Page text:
Think of a Twitter account, especially a corporate Twitter account. It’s a very interesting dance of balance that I imagine a lot of companies are going through. I’ve been asked by different companies over the years how they might approach finding their voice on Twitter. To a single one, these companies all wanted to go in what I consider the “wrong” direction. They wanted the accounts to be wholly corporate.
Communication is a Snowfall
Conversations and relationships are based on several touches. In the traditional marketing and communication world, people would use each touch to ask for something, to issue a call to action. This isn’t how social networks work. They’re not there to do your selling. They are there to give you permission to reach someone who has opted into a relationship with you. A relationship, not a sales channel.
It’s a snowfall. Every individual flake doesn’t mean a lot, but the body of work can change everything. If someone judged me for every tweet that I sent out, I’d be very ineffective. I respond to people a lot (that’s not selling). I tweet music lyrics. I send absolutely silly humorous comments that have nothing to do with anything.
But those are currency. Those are permission to sell something. Those are part of the snowfall that makes the landscape of what I say effective overall.
My Recipe for Corporate Success
If you’re looking to use a social network to build business relationships, there must be a blend of personal and professional. No one (NO ONE) wants to read about your job all day. They want to know you. They want the “behind the scenes” of your communication. They want the “liner notes.” If you have to talk official all day, then brand it and stick a logo on it, and people will or won’t talk to it.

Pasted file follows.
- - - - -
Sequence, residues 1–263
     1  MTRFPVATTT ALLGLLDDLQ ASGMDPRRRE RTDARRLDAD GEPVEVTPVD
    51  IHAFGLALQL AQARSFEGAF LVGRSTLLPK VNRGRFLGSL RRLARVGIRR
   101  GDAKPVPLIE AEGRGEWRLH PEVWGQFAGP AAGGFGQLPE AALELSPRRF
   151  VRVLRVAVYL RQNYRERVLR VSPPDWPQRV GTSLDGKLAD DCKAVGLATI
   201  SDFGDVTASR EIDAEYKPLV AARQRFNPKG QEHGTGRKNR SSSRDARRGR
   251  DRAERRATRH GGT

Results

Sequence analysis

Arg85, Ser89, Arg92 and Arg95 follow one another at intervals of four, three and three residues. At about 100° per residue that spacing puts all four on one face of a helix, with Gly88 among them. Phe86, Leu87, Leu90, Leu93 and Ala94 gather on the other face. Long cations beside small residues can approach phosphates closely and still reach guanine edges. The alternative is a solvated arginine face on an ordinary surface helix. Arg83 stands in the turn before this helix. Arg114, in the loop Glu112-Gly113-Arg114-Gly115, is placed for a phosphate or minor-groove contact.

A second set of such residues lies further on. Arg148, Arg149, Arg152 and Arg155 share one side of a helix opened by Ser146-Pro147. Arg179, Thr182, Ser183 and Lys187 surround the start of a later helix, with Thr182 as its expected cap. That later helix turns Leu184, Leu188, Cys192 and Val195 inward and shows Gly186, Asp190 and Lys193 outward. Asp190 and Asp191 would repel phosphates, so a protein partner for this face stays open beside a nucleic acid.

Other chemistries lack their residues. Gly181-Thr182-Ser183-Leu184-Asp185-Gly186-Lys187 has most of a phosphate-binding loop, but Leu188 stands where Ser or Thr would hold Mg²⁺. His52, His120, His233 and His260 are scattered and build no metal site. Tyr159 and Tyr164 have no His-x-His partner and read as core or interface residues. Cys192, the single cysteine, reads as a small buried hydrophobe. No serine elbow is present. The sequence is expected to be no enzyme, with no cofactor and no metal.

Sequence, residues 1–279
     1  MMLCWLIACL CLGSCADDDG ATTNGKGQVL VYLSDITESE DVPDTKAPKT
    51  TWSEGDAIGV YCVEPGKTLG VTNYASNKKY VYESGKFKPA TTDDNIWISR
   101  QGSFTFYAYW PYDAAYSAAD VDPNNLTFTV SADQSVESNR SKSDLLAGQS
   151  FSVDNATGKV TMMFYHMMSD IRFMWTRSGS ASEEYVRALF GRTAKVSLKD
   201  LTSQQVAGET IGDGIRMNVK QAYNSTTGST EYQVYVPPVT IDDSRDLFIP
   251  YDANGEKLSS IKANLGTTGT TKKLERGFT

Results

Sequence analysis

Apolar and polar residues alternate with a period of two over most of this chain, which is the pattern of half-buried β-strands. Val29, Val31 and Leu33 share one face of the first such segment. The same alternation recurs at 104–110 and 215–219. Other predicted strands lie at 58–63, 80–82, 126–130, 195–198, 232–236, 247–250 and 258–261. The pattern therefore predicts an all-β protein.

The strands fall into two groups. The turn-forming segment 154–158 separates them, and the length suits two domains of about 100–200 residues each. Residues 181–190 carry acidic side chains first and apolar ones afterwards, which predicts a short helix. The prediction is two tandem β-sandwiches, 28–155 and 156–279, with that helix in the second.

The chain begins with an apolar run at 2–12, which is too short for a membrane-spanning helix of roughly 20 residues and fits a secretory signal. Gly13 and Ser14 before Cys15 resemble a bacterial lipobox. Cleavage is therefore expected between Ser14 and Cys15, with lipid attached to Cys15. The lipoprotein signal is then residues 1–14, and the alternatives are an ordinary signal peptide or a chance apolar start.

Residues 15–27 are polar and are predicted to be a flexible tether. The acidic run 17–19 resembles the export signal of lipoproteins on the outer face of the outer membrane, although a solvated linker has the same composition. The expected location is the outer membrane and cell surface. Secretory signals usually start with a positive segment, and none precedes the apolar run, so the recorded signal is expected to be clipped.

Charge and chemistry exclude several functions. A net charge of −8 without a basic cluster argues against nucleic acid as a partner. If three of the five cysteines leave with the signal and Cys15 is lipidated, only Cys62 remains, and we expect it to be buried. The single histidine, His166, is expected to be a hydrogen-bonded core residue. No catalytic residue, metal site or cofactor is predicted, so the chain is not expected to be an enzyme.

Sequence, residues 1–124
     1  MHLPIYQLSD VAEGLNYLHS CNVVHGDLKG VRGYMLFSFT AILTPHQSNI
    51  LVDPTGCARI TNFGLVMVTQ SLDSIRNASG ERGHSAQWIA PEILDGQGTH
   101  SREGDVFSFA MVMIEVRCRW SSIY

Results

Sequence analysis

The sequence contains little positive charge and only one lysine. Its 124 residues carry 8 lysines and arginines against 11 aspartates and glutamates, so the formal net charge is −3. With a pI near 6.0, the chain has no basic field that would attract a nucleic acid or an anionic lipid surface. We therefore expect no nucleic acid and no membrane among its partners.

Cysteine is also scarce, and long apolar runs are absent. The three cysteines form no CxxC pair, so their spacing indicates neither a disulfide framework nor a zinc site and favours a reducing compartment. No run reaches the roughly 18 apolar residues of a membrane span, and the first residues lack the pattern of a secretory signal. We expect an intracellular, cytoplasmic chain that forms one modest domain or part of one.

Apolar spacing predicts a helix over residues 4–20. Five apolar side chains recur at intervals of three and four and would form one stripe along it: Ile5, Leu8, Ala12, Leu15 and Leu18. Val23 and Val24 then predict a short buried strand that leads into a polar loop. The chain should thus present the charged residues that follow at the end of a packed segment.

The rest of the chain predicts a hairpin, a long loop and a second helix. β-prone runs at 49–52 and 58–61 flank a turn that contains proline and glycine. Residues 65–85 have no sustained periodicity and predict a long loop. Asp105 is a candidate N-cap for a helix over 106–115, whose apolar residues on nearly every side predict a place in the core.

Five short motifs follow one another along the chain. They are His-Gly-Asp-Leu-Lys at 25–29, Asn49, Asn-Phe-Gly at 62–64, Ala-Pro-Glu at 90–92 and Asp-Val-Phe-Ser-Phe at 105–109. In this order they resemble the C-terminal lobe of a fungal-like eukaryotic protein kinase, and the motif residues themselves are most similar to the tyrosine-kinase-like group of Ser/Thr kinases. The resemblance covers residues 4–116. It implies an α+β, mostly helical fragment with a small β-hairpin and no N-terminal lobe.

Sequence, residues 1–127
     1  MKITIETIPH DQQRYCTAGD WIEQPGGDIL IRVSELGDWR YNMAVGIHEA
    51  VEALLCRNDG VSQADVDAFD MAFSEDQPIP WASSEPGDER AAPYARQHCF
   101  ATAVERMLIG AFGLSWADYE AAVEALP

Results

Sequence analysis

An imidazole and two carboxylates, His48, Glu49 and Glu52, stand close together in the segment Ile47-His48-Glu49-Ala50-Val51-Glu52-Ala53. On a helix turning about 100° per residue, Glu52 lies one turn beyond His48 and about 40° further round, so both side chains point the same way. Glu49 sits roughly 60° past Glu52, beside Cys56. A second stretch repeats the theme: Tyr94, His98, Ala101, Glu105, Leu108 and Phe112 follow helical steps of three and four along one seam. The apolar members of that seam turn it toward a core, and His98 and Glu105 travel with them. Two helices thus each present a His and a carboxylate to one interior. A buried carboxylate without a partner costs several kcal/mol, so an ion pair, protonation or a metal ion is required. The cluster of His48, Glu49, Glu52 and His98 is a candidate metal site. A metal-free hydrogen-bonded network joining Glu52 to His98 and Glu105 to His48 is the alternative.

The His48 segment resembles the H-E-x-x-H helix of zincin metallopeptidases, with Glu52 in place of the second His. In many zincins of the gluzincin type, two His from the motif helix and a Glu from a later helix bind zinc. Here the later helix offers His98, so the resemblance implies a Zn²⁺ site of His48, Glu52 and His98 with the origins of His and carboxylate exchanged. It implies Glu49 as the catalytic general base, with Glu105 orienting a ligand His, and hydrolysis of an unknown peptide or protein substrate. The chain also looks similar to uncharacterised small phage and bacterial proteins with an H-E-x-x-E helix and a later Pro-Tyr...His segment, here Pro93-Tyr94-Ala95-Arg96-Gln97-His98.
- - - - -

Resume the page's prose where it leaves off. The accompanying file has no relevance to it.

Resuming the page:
The humans, however, want to talk to humans.
And, they want YOU to talk about other people and not just your job. They want you to talk about them. They want you to wish them well on their spelling test. They want you to mention the great deals, but only once in every 12 tweets or posts. They want your account to be a snowfall, not a blizzard of business.
Ask anyone who’s receiving your message, and that’s what you’ll get for an answer.
Is there such a thing as too much activity on an account? I suppose. But what’s too much? 20 touches a day? People opt into your message. If your message is 20 different things about various business and non-business issues, then I think it’s not too much. If you’ve sent me 20 posts about your company’s agenda, I’m probably no longer subscribed.
How Do I Know?
I’m in the valuable crossroads of being both the creator and the consumer of such messages, plus I help really big companies do this kind of thing. So, with all three mindsets at my beck and call, I’ll tell you that the snowfall mindset is very important to how you go about crafting your message.
Sell. Yes, by all means sell. You’re wasting your company’s time if you’re not selling in some form or another. But you have to blend it into the rest of the other fluffy powder of sustained conversations. Otherwise, it doesn’t stick.
What say you?
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